However, with no traffic, the Pumpkin Patch at Sauvie Island is about an hour and forty-five minutes’ drive from Corvallis. In addition, the suggested route would take you onto I-405 near Portland, which can be significantly slowed down by traffic. If you decide to make the trip, avoid late afternoon trips and check ahead for any accidents or other traffic instigators.

While there is no admission fee, it is unlikely that you will leave the farm without spending a pretty dime. Activities such as corn cost $ 12 for adults 13 and older and $ 5 for children 12-6. The cow train ride costs $ 3 per person, and then there is food, beer, pumpkins, and merchandise. However, the patch offers online Coupons for some items, which can help lower the overall cost.

Roloff Farms

Made famous by The Learning Channel’s hit show, “Little People, Big World,” Roloff Farms now attracts thousands of pumpkin lovers every October. During your visit, you will most likely come across at least one familiar face, and you may even be able to sign a waiver to agree to be filmed for the show. Last year, main character Amy Roloff even allowed families to have their photos taken with her outside the gift shop.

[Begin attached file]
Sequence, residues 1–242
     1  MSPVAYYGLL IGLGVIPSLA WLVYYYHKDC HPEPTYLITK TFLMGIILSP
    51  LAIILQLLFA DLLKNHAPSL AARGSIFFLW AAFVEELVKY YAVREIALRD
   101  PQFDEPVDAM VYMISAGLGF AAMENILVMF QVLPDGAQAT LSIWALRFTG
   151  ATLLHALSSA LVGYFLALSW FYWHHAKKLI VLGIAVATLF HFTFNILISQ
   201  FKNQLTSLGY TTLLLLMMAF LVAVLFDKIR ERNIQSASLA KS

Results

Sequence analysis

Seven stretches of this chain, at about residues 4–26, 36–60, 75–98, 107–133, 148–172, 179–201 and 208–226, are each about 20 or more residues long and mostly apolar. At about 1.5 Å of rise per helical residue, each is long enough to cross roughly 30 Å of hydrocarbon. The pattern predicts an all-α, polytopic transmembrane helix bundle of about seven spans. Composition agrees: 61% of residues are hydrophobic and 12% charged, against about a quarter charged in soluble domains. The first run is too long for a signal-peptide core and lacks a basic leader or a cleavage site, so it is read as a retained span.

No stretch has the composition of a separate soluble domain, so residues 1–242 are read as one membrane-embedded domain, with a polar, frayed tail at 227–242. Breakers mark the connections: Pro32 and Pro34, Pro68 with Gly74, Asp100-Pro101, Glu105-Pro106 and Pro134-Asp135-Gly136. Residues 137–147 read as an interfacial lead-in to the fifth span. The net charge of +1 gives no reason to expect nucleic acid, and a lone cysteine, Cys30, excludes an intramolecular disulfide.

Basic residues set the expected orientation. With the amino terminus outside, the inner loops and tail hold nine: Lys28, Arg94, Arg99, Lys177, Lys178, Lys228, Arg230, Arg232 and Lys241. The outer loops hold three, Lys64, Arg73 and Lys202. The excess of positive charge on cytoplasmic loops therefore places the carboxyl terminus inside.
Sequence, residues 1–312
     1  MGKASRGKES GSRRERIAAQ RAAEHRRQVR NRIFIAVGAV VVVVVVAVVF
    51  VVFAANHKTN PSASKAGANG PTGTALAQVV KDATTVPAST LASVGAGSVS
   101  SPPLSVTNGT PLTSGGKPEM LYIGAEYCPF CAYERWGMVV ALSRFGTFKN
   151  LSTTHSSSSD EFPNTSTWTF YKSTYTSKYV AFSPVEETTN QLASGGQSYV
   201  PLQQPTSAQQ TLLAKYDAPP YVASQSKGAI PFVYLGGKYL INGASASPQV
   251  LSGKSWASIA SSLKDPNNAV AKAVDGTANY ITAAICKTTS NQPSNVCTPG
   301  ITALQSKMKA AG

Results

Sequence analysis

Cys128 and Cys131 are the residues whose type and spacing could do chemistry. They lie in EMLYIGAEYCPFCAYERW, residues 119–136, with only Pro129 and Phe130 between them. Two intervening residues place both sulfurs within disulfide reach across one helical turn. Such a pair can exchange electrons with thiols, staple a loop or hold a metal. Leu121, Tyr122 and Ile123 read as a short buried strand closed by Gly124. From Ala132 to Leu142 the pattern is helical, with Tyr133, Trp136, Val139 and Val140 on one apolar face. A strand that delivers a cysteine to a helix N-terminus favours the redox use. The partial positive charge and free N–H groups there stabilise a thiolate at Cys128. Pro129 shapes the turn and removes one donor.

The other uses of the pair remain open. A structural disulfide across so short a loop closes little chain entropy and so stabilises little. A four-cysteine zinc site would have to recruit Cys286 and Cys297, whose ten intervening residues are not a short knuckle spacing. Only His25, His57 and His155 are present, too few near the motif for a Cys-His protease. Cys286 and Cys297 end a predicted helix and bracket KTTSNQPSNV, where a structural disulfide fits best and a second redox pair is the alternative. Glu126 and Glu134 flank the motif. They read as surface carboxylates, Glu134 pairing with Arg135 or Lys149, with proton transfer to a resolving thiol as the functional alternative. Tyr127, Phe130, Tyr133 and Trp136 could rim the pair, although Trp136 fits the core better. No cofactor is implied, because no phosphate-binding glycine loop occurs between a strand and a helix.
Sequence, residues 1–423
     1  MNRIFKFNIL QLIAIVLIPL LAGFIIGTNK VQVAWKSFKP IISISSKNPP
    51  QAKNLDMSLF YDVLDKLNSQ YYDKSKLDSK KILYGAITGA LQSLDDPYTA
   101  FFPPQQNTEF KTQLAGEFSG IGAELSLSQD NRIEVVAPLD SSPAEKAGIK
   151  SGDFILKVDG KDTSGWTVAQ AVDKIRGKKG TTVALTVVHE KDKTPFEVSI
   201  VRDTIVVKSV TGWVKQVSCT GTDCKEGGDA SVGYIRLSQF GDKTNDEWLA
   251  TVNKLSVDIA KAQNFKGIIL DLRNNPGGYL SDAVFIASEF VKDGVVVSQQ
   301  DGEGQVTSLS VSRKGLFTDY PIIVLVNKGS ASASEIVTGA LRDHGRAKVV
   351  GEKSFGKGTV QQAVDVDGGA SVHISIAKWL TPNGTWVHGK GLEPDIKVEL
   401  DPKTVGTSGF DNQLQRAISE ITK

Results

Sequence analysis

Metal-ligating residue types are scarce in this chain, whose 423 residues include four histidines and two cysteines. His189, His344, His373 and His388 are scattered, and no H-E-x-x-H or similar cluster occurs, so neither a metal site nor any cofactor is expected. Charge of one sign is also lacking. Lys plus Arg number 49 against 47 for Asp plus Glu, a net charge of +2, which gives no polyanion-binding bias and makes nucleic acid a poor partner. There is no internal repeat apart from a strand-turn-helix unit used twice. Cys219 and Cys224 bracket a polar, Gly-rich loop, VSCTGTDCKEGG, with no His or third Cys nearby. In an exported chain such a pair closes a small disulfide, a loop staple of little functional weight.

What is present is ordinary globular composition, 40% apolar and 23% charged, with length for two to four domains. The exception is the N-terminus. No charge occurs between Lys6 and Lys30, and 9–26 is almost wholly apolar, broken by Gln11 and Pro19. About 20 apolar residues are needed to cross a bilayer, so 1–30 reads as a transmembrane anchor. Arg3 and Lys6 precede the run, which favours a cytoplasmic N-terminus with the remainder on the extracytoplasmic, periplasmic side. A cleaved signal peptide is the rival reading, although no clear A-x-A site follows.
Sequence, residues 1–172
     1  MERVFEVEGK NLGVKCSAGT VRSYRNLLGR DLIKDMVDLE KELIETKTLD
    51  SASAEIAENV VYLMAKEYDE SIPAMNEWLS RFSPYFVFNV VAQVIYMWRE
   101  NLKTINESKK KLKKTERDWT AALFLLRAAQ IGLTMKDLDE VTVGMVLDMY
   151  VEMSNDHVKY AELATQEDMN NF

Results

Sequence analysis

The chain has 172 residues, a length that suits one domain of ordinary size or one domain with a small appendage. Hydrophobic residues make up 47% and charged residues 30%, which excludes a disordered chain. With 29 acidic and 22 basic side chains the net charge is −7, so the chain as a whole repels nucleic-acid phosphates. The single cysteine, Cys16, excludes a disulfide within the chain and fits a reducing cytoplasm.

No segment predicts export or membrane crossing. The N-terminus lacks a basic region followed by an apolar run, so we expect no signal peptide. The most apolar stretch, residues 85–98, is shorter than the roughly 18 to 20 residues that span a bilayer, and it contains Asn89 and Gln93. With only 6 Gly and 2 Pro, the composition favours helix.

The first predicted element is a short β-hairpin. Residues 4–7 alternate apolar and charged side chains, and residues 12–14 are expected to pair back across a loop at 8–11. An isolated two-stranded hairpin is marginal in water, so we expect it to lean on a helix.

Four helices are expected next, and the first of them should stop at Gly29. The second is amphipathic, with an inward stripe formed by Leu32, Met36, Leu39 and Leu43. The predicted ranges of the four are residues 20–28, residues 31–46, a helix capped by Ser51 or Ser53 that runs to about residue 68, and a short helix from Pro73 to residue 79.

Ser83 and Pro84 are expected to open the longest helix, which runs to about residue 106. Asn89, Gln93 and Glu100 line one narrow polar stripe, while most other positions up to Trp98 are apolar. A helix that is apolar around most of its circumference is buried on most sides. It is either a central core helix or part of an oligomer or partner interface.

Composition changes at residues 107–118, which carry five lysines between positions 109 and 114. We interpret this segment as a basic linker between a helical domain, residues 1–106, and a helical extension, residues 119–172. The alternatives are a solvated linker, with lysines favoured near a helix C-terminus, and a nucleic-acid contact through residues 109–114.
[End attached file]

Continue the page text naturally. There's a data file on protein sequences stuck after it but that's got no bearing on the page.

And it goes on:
Nestled on 100 acres of beautiful Oregon farmland in Helvetia, Roloff Farms offers endless fun and scenery for kids and adults alike. The Panoramic walk on the trail guides tourists through complex parts of the property with various activities along the route including air cannons, wagon ride, face painting, and more. At the end of the walk, families will have the opportunity to purchase merchandise and Roloff Farms’ famous salsas at the Country Store.